We talk about what a camera is “looking at,” or what an algorithm “thinks,” but that’s a skewed mental model of a different reality when it comes to computing. How did a self-driving car decide to hit a pack of schoolchildren instead of a storefront full of mannequins? It didn’t. It was analyzing an imaging compression matrix coming from a LIDAR system or whatever–flipping switches in exact accordance with its programming.
We hold up computers as impartial arbiters of truth, totally objective in their considerations. We give them the same weight as human experts and enable them to judge whether we should give each other loans, or jobs, or medical care… the list goes on. However, we can’t treat them like they’re people–substitutes for humans in the decision loops of our society—because they will always fail us.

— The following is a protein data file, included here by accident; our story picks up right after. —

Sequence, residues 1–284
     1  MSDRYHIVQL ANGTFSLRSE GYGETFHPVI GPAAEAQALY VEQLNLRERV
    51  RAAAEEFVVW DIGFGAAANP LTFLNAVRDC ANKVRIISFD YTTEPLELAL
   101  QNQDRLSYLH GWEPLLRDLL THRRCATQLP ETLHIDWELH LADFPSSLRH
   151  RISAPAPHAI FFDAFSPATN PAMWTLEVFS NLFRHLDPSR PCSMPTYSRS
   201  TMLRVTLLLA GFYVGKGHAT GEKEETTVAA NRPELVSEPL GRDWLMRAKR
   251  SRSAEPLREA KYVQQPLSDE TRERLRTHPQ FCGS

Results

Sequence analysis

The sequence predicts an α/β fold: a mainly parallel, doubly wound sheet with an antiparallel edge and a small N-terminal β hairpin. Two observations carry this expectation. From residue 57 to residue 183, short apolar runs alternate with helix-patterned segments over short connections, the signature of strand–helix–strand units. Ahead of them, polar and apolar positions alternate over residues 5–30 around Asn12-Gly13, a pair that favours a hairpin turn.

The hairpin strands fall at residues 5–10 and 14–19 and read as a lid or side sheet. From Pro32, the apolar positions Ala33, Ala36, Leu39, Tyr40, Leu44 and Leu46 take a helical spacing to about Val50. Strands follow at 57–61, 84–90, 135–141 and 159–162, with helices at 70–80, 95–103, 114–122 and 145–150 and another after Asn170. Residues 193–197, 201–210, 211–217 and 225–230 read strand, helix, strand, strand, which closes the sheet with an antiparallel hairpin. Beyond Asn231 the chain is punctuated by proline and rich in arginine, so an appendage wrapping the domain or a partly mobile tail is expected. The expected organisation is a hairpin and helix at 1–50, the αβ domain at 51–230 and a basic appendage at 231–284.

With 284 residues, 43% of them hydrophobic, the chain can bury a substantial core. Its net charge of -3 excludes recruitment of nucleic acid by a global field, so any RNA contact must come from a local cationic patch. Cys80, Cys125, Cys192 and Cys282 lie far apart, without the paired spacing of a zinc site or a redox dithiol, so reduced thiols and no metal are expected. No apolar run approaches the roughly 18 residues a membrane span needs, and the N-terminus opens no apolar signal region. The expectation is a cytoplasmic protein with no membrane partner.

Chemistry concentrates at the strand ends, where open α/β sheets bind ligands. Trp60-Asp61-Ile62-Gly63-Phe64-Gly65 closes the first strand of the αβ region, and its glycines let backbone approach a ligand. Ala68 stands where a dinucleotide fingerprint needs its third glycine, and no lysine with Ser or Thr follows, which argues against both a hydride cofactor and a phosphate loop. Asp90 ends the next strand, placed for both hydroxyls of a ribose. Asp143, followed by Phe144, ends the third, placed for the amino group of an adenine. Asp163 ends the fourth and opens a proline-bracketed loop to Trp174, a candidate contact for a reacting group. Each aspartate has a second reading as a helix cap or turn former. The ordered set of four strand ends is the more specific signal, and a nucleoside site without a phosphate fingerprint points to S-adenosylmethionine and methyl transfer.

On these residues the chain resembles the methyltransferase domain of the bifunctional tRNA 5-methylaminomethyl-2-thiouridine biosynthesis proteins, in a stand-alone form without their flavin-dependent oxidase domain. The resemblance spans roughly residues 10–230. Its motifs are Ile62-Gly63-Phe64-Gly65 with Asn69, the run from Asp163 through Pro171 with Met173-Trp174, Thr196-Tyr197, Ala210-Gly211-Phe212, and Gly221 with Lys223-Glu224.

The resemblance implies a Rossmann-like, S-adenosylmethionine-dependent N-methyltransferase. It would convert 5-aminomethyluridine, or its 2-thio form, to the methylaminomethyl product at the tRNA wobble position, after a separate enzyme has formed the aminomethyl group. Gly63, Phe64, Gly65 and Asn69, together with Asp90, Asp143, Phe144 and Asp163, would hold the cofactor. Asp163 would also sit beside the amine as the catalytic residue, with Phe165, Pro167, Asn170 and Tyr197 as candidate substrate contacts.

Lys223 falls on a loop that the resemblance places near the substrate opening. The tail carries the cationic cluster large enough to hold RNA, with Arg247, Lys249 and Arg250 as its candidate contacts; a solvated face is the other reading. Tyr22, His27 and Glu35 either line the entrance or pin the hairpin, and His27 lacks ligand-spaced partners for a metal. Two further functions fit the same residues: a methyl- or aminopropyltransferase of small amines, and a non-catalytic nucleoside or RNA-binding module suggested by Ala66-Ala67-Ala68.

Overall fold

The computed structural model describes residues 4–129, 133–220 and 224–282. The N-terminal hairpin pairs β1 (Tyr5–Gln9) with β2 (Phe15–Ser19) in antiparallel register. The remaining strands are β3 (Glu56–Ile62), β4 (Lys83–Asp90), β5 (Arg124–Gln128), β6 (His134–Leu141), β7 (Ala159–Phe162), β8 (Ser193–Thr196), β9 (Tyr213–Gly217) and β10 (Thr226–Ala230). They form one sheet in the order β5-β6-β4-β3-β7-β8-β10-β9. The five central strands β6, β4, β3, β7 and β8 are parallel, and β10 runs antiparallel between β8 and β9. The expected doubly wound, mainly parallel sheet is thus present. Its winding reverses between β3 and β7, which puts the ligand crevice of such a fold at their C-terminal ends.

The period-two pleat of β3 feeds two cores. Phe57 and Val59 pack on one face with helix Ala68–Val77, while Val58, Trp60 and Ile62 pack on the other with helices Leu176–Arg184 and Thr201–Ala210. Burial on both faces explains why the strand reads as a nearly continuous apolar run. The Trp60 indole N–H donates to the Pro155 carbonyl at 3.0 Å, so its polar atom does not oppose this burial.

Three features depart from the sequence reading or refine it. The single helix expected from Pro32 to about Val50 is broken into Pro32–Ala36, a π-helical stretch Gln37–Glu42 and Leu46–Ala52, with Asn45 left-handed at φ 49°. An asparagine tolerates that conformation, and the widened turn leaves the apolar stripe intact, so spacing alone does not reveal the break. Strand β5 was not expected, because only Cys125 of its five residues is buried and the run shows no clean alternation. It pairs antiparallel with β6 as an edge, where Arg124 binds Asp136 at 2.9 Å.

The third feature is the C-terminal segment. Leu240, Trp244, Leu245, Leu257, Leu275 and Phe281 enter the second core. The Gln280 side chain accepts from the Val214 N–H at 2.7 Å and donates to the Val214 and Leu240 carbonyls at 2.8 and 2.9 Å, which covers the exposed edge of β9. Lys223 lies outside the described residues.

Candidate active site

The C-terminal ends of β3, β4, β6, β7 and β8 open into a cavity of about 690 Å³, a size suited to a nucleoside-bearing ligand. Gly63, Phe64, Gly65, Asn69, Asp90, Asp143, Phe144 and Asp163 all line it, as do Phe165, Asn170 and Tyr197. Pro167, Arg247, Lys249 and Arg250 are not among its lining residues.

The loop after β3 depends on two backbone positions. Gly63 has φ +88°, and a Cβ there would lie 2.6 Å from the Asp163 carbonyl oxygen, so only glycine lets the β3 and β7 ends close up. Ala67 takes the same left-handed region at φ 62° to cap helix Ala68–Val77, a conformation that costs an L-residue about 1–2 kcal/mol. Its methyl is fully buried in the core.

2. The robot rights debate is boring.
Computers don’t have human priorities—they attack designated objectives to make a value go up or down. In the extreme cases of language learning systems like Google’s LaMDA, they’re designed to raise your empathy and create the impression that a human is on the other end of the line. If you were fooled into believing that it’s sentient, congratulations! That’s what it was designed to do.